In the next step, they sued the corrupted referee for reimbursement of their settlement payment to this club, another lawsuit with highly interesting issues: 

One of most triggering issues in that context was, whether they can hold him responsible for a damage they had incurred by their free decision, because nobody forced them to buy off the team in turn for withdrawing their appeal in the cup competition. The Civil Court in Berlin, that was dealing with this case, pointed out that the German FA was entitled to act as they did in order to avoid higher damages that might easily have occurred by a burst of the whole club competition, ending up in the uncertainty about who represents Germany in the UEFA Cup as the Cup Winner until possibly far into the next season. Finally, basically owed to the fact that the referee never would have been in the position to settle the whole claim he was facing, the parties entered into a settlement. 

d) The German FA's jurisdiction had to develop a completely new jurisdiction, due to the lack of specific regulations or ancient jurisdiction regarding manipulations, that so far nobody ever deemed to happen in German football. 

They basically established two major criteria that had to be proven by the club who appealed against the result of a manipulated match: First, it had to be proven, that there was an agreement to manipulate a match. Since there were a couple of matches in which the manipulated referee confessed to have entered into such agreement and received money for its execution, but then added, that either due to the natural development they didn't have to interfere or no situation occured in which they might have manipulated without raising suspicion, the sports court had to consider whether it is sufficient to have a referee who is only prepared to manipulate or if he actually must have manipulated. 

Finally, the court decided, also for the sake of limiting the number of necessary rematches and last but least applying the FIFA principle, that a rematch may only be ordered under exceptional circumstances, that an actual manipulation must be proven and this manipulation must have had effect on the result of the match.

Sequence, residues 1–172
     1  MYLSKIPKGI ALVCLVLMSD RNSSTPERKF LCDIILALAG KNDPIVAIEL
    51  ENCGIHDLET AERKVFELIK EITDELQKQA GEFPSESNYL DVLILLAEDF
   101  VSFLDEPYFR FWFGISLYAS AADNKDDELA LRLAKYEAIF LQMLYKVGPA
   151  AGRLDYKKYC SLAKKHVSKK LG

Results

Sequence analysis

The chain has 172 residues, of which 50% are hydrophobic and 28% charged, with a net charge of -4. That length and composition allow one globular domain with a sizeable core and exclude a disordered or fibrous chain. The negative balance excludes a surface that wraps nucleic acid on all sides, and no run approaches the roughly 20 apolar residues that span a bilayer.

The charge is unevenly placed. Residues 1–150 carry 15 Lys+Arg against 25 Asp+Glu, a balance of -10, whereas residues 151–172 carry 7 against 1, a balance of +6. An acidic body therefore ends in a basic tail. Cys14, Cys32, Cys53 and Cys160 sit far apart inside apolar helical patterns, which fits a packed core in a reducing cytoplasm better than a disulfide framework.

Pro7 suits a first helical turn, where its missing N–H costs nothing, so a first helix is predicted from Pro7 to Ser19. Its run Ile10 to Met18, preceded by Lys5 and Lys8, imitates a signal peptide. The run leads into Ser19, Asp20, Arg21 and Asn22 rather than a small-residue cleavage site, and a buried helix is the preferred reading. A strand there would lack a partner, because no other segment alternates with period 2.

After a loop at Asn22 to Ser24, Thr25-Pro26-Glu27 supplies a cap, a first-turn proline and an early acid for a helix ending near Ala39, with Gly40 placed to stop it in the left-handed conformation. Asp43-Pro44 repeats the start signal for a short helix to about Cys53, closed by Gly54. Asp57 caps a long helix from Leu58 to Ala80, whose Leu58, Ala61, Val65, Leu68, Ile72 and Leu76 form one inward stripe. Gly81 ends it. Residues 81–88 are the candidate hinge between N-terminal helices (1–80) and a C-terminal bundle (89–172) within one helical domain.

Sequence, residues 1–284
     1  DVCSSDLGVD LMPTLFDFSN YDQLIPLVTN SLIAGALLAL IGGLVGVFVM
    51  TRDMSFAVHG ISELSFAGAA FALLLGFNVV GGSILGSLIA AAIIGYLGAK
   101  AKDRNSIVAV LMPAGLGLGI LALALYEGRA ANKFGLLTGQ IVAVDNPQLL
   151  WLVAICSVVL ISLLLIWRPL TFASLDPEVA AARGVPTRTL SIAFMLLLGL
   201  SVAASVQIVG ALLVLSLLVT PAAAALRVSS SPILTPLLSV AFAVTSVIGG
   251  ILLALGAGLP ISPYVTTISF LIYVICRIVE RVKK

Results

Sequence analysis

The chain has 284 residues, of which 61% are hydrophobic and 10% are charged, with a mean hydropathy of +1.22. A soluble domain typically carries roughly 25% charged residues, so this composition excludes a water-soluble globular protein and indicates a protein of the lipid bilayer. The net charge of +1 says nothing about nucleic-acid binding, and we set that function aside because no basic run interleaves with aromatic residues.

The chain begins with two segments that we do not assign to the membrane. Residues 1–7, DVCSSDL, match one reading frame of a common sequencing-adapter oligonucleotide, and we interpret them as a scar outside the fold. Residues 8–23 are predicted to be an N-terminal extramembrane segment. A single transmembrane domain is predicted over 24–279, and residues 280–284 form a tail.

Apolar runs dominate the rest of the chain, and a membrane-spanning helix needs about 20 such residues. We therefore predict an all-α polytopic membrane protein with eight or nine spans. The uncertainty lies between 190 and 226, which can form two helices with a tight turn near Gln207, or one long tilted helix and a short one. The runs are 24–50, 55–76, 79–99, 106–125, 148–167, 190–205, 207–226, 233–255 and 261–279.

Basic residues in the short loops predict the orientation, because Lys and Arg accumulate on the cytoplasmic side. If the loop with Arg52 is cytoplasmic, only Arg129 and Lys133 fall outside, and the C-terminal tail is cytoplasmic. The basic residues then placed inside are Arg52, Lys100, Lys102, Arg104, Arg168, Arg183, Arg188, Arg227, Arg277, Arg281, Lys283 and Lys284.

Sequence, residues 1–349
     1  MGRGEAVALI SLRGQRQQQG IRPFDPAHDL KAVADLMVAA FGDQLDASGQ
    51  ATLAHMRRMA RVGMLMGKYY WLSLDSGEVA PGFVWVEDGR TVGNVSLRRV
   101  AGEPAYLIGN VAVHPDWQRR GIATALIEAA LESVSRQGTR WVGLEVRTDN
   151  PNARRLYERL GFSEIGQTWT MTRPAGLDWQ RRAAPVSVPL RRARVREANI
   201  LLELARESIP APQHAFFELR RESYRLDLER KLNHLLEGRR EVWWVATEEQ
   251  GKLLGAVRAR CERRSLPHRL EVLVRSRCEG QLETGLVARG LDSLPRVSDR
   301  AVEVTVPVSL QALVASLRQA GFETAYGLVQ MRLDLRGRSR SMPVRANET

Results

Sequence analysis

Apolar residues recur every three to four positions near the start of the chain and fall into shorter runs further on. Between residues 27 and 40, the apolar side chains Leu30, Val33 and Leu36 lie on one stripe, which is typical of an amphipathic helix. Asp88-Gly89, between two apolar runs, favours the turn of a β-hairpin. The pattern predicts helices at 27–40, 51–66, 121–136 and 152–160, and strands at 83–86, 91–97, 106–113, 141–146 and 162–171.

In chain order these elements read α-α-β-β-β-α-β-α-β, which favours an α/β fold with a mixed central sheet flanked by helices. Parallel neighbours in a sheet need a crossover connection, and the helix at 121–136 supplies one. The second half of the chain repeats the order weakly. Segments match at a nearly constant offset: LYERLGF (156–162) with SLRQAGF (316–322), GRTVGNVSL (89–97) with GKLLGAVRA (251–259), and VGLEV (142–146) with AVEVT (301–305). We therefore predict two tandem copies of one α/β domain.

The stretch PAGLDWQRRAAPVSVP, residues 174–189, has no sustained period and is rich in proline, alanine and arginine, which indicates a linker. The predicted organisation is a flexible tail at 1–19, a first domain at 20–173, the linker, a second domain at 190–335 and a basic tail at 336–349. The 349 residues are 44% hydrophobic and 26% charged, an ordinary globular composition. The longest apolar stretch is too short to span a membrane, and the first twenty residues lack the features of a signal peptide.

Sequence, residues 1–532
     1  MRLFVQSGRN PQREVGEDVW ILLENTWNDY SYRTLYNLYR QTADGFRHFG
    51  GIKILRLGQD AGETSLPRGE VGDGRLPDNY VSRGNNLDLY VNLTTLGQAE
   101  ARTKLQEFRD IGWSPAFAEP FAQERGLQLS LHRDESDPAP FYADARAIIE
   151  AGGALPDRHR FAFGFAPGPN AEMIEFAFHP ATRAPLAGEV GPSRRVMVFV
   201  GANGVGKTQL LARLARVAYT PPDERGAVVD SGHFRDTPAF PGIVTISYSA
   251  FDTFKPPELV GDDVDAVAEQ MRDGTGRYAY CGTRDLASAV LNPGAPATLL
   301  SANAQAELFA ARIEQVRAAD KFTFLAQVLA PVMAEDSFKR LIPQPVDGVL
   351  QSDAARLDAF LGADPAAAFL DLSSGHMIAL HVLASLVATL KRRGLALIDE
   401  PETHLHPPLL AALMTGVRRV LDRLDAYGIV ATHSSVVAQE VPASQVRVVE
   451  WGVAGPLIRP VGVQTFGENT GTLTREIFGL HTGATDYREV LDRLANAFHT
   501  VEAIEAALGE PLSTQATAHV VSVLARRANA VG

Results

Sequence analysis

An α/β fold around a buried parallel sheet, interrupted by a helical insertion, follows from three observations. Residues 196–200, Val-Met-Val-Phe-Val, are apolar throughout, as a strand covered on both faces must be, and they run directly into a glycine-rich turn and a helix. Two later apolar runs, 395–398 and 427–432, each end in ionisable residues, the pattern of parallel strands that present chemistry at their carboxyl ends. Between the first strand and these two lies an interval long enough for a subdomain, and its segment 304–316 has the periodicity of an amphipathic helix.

This jurisdiction experienced consent, but also criticism: A referee who is bribed and prepared to decide against what he is convinced of can easily by chance take the right decision, i.e. for example grant a penalty kick, that he wouldn’t have granted without being manipulated, because from his true subjective perspective, he failed to recognize that there was a foul within the penalty area. 

Moreover, this jurisdiction left the choice to say that the result of a match that ended 4-0 was not influenced by an intentional mistake of the referee in connection with the first goal, because everybody knows that almost every match takes a different course once the first goal has been scored. 

Consequences in legislation 

The referee and betting scandal in 2005 lead to the implementation of numerous new rules and regulations by the German FA. Among others, players and officials were prohibited from betting upon matches they were involved. Furthermore, specific regulations governing the sanctions for any involvement into manipulations have been introduced as well as specific preconditions for the appeal against manipulated matches, basically following the criteria that have been established by the sports court before those specific rules have been created. 

As a consequence of the at that time unforeseeable practical problems of detecting a manipulation at a time when the competition concerned has been progressed so far, that one cannot just turn back the wheel, the right to appeal has been time-barred to that degree, that manipulated league matches are not subject to rematches or point deduction after June 30, whereas the results of Cup matches cannot be appealed any more once the next leg has been played. 

Consequences for the current investigations 

Especially on the field of sports jurisdiction, the juridical bodies seem to be prepared to deal with the results of the investigations, if any that are falling under their jurisdiction (which the betting mafia itself certainly doesn't). The new and specific regulations about match fixing etc. allow to cover and duely sanction all misbehaviour of players, coaches, referees etc. in connection with manipulations. Another wave of lawsuit regarding match results is rather unlikely to happen again, since the time-bar rules in the new regulations do not allow appeals against match results from previous seasons. 

After the Federal Court had decided, that match manipulation is to be deemed criminal fraud (under certain circumstances), it is also rather likely that instance courts will not hesitate to sentence the people involved, whereas it is remarkable, that apparently the sentences rendered in the 2005 scandal have not been deterring enough to overwhelm the temptation of giving it another try: The key person of the 2005 scandal, who went to jail for some years after, seems to be in the middle of new scandal again! 

Nevertheless, the trust in properly investigating and sanctioning the latest manipulations on a all relevant juridical levels prevails. 

Dr. Joachim Rain 
Sports Lawyer in Ludwigsburg/Germany